“These alternatives plans are a critical step in gathering local knowledge from communities suffering from polluted stormwater and sewage flooding. The people who live in these communities understand these problems and their effects the best. Projects in these alternatives plans, specifically, green infrastructure, will reduce flooding and sewage overflow, and will improve the environment of the community, the health of its citizens, and property values,”  said Jennifer M. Coffey, ANJEC Executive Director.

For more information on participating in stakeholder meetings and other ways to get involved go to SewageFreeNJ.org.The Evaluation of Alternatives reports are the result of permits issued by NJDEP in 2015 to 25 municipalities and utilities in New Jersey with combined sewer systems requiring them to develop plans to reduce the number and severity of combined sewer overflows. These overflows happen when stormwater overwhelms the system. This combination of stormwater and sewage is released into nearby waterways, and sometimes floods area streets and backs up into basements.

Rain street igor-tudoran-unsplash _ FSP

All of the Development and Evaluation of Alternative reports can be downloaded from the NJDEP website.

Armando Alfonso Armando.Alfonso@dep.nj.gov (609) 633-7021 for comments on the Camden County Municipal Utility Authority, The City of Camden, The City of Gloucester, Trenton Sewer Authority reports.Comments can be sent to the respective DEP team leader.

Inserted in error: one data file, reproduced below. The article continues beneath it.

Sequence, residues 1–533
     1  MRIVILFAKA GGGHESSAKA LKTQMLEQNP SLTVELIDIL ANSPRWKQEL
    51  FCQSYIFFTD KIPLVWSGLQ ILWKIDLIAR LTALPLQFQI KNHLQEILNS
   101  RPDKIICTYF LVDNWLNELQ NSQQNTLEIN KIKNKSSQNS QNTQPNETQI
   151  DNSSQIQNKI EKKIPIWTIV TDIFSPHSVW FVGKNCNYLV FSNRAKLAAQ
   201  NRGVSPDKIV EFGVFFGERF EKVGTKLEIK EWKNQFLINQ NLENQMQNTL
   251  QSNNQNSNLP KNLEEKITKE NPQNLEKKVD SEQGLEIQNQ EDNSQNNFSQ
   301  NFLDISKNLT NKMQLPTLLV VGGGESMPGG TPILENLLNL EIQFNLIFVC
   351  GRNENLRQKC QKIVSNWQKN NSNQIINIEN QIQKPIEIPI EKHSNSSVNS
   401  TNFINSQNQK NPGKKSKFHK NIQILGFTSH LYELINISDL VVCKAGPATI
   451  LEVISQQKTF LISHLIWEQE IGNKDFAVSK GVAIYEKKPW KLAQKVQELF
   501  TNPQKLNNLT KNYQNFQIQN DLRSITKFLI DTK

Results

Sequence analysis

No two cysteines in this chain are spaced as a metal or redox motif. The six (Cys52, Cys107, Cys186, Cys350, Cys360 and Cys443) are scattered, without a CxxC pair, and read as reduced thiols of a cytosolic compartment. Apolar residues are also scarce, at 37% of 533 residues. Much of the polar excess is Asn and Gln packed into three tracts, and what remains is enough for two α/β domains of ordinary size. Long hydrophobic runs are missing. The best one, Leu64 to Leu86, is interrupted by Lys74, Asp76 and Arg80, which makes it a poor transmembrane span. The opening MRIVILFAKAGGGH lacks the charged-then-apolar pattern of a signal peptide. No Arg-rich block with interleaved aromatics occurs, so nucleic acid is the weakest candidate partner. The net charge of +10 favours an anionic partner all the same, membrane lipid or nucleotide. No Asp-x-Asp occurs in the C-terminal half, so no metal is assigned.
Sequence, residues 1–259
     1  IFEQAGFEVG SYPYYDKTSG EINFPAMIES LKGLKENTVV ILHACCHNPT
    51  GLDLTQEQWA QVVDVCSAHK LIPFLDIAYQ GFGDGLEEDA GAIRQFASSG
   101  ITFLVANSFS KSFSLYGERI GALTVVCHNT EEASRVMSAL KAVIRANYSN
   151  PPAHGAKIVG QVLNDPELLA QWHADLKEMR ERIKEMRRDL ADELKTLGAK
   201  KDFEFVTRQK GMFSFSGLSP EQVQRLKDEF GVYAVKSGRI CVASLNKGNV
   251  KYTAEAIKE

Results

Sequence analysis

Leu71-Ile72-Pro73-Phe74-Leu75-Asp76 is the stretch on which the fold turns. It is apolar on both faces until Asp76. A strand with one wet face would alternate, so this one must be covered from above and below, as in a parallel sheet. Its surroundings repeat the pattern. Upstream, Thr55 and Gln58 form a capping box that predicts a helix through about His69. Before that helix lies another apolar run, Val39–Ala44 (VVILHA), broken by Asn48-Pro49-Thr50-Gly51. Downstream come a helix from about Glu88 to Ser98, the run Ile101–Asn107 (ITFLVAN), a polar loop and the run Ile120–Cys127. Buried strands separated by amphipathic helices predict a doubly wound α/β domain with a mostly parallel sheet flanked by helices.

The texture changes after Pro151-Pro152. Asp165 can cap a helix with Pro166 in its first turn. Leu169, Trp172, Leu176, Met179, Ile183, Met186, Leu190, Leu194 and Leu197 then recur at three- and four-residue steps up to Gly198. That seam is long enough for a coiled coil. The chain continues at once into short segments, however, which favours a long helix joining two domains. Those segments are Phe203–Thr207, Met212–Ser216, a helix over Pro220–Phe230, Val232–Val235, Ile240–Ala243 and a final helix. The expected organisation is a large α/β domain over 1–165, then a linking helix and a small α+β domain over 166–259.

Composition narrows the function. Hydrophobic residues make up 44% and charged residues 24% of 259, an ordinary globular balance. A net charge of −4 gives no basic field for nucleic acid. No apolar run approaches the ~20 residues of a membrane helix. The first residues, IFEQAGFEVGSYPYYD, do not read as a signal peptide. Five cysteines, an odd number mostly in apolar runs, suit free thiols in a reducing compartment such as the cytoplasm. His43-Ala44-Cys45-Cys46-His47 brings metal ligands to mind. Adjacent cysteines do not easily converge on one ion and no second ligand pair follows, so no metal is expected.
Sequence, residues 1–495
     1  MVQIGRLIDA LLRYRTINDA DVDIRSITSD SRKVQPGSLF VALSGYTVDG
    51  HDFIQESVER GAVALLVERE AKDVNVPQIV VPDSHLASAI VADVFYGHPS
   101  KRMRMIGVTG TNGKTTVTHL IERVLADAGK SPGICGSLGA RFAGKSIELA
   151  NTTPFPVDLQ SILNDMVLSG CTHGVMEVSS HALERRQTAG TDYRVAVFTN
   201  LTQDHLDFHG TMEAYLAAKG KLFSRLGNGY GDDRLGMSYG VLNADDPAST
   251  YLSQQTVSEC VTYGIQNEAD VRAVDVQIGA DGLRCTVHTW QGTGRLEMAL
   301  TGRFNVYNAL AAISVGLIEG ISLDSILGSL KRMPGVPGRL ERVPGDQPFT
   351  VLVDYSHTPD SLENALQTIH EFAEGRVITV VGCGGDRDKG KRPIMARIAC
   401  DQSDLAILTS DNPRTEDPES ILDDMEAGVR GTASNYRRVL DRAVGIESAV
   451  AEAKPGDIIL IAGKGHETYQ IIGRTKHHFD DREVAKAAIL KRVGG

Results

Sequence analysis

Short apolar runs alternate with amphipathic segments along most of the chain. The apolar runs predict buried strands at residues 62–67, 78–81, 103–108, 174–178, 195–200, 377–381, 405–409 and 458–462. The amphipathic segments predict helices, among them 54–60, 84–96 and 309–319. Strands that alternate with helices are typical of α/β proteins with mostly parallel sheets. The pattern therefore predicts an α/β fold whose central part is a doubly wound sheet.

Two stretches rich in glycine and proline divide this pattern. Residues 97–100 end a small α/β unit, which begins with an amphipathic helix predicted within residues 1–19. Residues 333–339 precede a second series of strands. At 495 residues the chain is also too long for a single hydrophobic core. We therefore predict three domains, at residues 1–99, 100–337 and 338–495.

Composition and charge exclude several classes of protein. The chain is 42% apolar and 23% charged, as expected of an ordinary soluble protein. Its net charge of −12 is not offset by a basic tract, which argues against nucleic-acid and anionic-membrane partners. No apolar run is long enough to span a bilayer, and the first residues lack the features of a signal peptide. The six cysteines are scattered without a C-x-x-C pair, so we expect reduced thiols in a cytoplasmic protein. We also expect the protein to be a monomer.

Nancy Kempel, Nancy.Kempel@dep.nj.gov 609-292-4860 for comments on the Bergen County Utilities Authority, Fort Lee Boro, Hackensack City, Ridgefield Park Village, The Joint Meeting of Essex and Union Counties, The City of Elizabeth reports.

Joe Mannick, Joe.Mannick@dep.nj.gov, 609-292-4860 for comments on North Hudson Sewerage Authority, North Bergen Woodcliff Sewer Treatment Plant, Town of Guttenberg reports.

Dwayne Kobesky, Dwayne.Kobesky@dep.nj.gov 609-292-4860 for comments on the Perth Amboy, Middlesex County Utilities Authority, Passaic Valley Sewerage Commission, Bayonne, Jersey City Municipal Utilities Authority, Newark, North Bergen Township Municipal Utilities Authority, East Newark, Harrison, Kearny, Paterson reports.

Local perspectives from Sewage-Free Streets and Rivers campaign partners: 

Jersey City:

“This is an important first step to assess the optimal set of solutions for managing the impact of stormwater from future storm events in Jersey City and our surrounding waterways.  Sustainable Jersey City supports a combination of both grey and green infrastructure (GI) and feel strongly about leveraging GI opportunities FIRST, to both save on the enormous cost of grey infrastructure and also to gain the varied additional quality of life benefits GI can provide.  We are particularly interested in the expansion of urban forestry initiatives in Jersey City as we can solve multiple problems and provide a healthier environment for people simply by substantially growing our tree canopy. We will do our part to educate and engage the public over this next year, encouraging community feedback about possible solutions during this next decision making phase by the Jersey City Municipal Utilities Authority.”